updated - July 21, 2019 Sunday EDT
Fast-food workers walked off their jobs in dozens of cities on Thursday, demanding a $15-an-hour minimum wage.
Fast food workers in at least 33 countries and 80 cities on six continents will join their U.S.-based counterparts, for an expected 230 strikes and protests worldwide, from Manila to Manhattan.
In the United States, strikes are expected throughout the country from Los Angeles to Raleigh. When Seattle's mayor proposed a $15 minimum wage earlier this month, Businessweek said he was "adopting the rallying cry of fast-food workers."
Currently, the median pay for fast-food workers is just over $9 an hour, or about $18,500 a year. That's roughly $4,500 lower than the Census Bureau's poverty threshold level of $23,000 for a family of four.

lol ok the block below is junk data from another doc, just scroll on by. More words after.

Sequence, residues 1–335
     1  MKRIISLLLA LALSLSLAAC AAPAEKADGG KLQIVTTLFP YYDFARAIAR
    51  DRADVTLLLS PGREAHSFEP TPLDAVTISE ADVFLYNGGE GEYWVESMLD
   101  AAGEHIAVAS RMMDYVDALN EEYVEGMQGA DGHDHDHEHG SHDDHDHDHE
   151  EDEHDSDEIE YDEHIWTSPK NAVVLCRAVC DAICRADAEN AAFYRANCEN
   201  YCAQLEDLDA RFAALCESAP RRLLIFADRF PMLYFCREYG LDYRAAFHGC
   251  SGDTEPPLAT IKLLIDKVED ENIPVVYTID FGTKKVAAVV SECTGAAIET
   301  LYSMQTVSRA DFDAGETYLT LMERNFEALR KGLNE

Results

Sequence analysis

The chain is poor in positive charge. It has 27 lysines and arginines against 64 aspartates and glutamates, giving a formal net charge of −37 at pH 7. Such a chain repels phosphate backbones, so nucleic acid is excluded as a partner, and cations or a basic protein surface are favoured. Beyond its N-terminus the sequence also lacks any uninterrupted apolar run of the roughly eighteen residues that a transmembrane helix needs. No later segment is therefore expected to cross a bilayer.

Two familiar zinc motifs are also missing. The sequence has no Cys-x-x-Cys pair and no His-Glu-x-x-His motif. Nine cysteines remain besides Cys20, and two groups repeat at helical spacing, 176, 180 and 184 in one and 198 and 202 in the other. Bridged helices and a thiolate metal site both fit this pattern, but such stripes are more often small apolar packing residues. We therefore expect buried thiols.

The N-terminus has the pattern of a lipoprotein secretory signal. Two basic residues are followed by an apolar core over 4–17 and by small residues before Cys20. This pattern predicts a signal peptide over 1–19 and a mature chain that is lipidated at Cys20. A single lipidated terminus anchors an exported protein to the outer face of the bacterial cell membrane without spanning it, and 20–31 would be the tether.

Union organizers say the movement is credited with elevating the debate about inequality in the U.S. and helping raise the minimum wage in some states, according to CNN.
In a filing with the Securities and Exchange Commission, McDonald's said worker protests might force it to raise wages this year.
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